Exeter, Devon UK • Apr 18, 2024 • VOL XII

Exeter, Devon UK • [date-today] • VOL XII
Home Tech Should social media be banned for under 16s?

Should social media be banned for under 16s?

Gracie Moore, Online Arts and Lit Editor, looks at the possibility of banning social media for children in the wake of the death of Brianna Ghey.
2 mins read
Written by
Image via Solen Feyissa, Wikimedia Commons

There has been a recent call in Parliament to ban social media for those under the age of 16. Conservative MP Miriam Cates has called on Rishi Sunak to consider the ban including social media and smartphones. Cates claimed there has been a rise in “poor teen mental health” and “children addicted to pornography” since 2010. In response, Rishi Sunak stated that the Online Safety Act “protects children from harmful or inappropriate material.”

Arguably, with news stories like the tragic death of Brianna Ghey, who was a big TikTok personality, social media can go as far as cause violence among young people. Brianna was stabbed to death in a park in Warrington in February 2023 and her mother has also called on a ban for children’s access to social media after one of her daughter’s killers, Scarlett Jenkinson, watched torture videos on the Dark Web before commiting the murder. This directly opposes Sunak’s claim that the Online Safety Act is sufficient. With this in effect, the access to this kind of content would not have been possible.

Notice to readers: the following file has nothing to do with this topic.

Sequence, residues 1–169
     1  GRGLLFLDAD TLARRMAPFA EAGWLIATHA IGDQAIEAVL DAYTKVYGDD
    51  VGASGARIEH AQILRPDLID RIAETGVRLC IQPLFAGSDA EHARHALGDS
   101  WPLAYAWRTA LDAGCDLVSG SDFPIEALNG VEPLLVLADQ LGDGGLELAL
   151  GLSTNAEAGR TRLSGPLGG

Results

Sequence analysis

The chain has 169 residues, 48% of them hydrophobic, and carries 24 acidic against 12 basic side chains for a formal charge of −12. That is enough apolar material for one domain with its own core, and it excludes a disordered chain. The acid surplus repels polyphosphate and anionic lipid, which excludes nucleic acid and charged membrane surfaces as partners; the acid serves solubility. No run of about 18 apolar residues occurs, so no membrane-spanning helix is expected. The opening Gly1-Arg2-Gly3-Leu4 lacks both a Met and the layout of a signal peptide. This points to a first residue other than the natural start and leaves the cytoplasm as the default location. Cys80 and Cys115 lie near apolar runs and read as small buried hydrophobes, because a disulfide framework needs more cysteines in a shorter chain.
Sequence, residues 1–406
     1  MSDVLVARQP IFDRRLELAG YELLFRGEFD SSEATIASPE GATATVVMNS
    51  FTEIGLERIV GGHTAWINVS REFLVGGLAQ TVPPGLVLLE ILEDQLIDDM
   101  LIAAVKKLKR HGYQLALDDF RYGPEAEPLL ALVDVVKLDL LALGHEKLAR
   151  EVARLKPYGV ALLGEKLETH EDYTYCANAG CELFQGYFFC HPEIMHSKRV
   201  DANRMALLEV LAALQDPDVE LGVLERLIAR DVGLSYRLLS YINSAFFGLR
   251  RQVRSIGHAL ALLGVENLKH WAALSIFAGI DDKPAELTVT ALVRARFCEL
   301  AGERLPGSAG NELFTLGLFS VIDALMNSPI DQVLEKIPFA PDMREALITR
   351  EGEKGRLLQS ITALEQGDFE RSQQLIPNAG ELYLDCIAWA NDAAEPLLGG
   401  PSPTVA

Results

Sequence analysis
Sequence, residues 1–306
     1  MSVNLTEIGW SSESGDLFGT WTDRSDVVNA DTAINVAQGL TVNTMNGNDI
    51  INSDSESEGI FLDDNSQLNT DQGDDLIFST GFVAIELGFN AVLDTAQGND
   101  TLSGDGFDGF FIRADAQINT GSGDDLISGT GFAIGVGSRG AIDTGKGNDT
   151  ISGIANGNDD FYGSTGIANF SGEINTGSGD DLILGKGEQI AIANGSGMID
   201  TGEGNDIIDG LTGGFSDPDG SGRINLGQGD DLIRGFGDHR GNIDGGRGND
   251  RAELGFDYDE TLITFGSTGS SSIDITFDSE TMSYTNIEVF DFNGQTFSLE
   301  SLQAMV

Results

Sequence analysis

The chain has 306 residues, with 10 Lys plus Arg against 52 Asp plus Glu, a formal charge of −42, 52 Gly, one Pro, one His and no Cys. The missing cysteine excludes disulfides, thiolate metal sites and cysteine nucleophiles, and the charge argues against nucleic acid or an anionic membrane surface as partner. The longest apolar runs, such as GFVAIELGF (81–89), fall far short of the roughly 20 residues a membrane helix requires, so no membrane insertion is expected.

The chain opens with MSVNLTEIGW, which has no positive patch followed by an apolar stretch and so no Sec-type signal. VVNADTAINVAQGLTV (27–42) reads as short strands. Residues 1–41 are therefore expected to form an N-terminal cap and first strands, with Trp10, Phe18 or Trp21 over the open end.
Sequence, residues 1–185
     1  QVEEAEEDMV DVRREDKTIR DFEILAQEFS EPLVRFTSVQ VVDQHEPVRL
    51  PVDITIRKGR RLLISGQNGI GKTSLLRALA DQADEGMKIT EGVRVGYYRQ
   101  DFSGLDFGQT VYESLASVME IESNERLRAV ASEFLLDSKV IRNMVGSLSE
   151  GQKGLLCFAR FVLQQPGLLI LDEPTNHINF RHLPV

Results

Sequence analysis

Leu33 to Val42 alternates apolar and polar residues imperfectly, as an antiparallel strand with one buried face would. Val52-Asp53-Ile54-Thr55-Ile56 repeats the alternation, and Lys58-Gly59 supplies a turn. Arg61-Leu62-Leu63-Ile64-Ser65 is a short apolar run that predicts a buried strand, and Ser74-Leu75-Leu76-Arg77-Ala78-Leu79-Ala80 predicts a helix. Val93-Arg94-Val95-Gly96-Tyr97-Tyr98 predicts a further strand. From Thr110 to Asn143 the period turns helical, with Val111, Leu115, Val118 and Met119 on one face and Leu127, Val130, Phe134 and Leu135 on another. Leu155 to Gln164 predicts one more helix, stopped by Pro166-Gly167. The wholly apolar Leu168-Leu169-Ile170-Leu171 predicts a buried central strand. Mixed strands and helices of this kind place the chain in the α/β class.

Social media can go as far as causing violence among young people

As much as murder in wake of free social media access appears uncommon, there are micro-dangers also associated with social media usage. The term that has gained traction over the last few years is that of a “keyboard warrior”, someone who may partake in cyberbullying or the promotion of harmful beliefs online while simultaneously hiding behind a fake profile or hidden credentials. This can be just as harmful as the grooming of young children is rife due to this. Another danger is that harmful content exists everywhere online, not just on the Dark Web, and it can be difficult for childen to know where to access support after seeing something that negatively affects them. 

A complete ban of social media for young people seems impossible at this point. In the era of “influencers”, where many of them are younger than the age of 16, it would be extremely difficult to remove their footprints from these sites and apps. Instead, a ban that may garner more effective results would be parental blocks and ID checks. However, both of these options require the complicity of parents who may not agree with the bans and an ID can be easily forged.

Above all, the concerns from MPs should be seriously brought into question and there should be a modification into how effective the Online Safety Act is for protecting children in order to stand a chance at preventing more social media fuelled violence taking place.

You may also like

Subscribe to our newsletter

Sign Up for Our Newsletter